volunteer corn

Downed corn from wind storms, along with typical harvest losses, can contribute to widespread problems with volunteer corn in fields.

Editor’s note: The following was written by Dave Nicolai, Liz Stahl and Jeff Gunsolus with the University of Minnesota for its Minnesota Crop News website.

Excessive precipitation in some areas and dry conditions in others, along with wind storms and tornadoes, has taken its toll on consistency in corn yields. The weather, along with disease and the early dying of some corn hybrids, has led to limited stalk strength at harvest.

As a result, we expect the occurrence of volunteer corn to be greater in areas of the state in 2019 due to a higher potential for corn ears and kernels to be left in the field this fall.

Volunteer corn has the potential to reduce crop yield as well as impact the long-term management of corn rootworm (CRW).

Volunteer corn can significantly reduce soybean and corn yield, although research shows volunteer corn is less competitive in corn than in soybean. For example, volunteer corn populations ranging from 800 to 13,000 plants per acre resulted in yield losses of 0 to 54 percent in soybean and 0 to 13 percent in corn, according to South Dakota State University research.

In University of Minnesota trials, volunteer corn populations had to reach at least 8,000 plants/acre before yield was reduced an average of 8 percent.

Most of the hybrid corn planted today carries traits for resistance to insects such as CRW. Crop rotation is one tool to help manage CRW, but any benefit is essentially nullified if a heavy population of volunteer corn is present in soybean.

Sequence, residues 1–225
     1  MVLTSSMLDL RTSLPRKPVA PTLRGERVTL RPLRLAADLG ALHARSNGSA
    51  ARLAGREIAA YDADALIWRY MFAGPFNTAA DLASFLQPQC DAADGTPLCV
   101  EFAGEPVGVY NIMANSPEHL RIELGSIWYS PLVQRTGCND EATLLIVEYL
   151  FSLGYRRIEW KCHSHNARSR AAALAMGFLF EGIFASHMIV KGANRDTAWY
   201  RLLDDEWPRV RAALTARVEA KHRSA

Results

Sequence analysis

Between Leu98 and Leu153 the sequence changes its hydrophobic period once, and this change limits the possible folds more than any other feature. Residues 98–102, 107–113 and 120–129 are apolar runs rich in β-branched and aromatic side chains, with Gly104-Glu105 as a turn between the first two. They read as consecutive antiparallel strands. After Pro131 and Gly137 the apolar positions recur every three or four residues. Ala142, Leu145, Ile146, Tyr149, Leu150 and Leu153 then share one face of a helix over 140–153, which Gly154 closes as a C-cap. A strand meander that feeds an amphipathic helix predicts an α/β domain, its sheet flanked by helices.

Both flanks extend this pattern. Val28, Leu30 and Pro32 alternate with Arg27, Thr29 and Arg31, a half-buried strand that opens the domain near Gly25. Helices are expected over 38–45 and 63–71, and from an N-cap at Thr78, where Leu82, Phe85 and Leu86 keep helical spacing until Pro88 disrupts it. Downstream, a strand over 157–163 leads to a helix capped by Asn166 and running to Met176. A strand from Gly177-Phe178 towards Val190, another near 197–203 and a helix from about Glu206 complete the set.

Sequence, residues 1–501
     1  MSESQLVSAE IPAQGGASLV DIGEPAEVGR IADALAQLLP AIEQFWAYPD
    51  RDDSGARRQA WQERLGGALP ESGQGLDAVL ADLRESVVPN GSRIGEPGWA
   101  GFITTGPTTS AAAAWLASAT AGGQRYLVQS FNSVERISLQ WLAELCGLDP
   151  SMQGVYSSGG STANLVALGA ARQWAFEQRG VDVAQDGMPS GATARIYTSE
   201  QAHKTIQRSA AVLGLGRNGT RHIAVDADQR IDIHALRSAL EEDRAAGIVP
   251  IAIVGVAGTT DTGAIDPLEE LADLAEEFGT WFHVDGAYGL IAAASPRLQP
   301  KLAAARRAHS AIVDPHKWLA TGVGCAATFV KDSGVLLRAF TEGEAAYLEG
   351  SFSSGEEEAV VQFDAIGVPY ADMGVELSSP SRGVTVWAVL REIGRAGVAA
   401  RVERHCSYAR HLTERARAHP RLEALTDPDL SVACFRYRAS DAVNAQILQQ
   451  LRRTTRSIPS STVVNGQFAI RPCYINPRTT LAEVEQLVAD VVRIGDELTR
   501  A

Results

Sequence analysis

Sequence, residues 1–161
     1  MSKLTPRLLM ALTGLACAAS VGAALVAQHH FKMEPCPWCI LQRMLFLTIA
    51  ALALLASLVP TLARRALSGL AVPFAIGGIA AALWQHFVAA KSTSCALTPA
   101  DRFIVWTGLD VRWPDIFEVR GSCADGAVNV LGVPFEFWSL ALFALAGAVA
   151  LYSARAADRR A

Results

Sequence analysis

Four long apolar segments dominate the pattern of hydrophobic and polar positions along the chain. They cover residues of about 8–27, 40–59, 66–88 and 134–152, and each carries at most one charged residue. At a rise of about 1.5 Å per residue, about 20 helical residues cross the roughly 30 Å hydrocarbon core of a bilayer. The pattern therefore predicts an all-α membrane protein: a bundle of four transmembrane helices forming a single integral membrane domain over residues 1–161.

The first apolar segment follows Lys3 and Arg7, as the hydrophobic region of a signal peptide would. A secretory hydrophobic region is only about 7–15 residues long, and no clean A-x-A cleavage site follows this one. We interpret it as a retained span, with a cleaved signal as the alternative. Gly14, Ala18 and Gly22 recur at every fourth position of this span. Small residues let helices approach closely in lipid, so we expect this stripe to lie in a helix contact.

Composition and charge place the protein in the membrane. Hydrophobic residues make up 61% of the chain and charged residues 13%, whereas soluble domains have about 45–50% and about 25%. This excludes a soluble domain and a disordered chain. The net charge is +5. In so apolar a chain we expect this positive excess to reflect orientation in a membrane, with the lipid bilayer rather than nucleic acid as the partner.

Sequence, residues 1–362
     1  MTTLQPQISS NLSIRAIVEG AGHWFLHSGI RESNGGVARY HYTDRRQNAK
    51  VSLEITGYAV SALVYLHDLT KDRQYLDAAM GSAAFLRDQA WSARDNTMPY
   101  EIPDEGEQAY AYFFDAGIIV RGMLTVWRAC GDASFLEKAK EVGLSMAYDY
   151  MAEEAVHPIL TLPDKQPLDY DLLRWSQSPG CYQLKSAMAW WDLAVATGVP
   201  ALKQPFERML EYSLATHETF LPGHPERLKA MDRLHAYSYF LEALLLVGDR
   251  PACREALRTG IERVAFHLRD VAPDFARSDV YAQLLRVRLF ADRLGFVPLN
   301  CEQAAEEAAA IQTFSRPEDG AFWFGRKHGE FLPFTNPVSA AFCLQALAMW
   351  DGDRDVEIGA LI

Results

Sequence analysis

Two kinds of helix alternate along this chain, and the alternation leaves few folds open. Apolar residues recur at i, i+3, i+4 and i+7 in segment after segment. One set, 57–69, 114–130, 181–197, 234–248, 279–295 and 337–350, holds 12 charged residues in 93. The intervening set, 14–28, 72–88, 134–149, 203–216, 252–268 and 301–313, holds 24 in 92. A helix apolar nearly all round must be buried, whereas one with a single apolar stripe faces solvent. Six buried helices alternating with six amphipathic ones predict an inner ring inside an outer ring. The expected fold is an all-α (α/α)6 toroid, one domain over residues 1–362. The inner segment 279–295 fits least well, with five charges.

CRW larvae are able to feed and mature on uncontrolled volunteer corn. Also, late-pollinating volunteer corn is very attractive as a feeding and egg-laying site for CRW beetles, creating the potential for CRW problems the following year.

Volunteer plants of Bt-CRW hybrids will also express the Bt toxin at variable and reduced levels. Exposure of CRW larvae to sub-lethal doses of the Bt toxin has the potential to hasten development of resistance to Bt-CRW traits.

Selective use of fall tillage can affect the amount of volunteer corn next year.

Following harvest, if a grower has a field where lodging, ear drop or shelling at the head were significant, adjusting the fall tillage strategy can help mitigate volunteer corn the following season. Allowing seed to stay on the soil surface may reduce populations the following season by allowing germination in the fall prior to freezing temperatures.

Seed left on the surface is also much more susceptible to predation or decay.

No-till extends the benefit of no fall tillage. By not incorporating seed into the soil, it is left on the soil surface where it is much less likely to result in successful germination and emergence.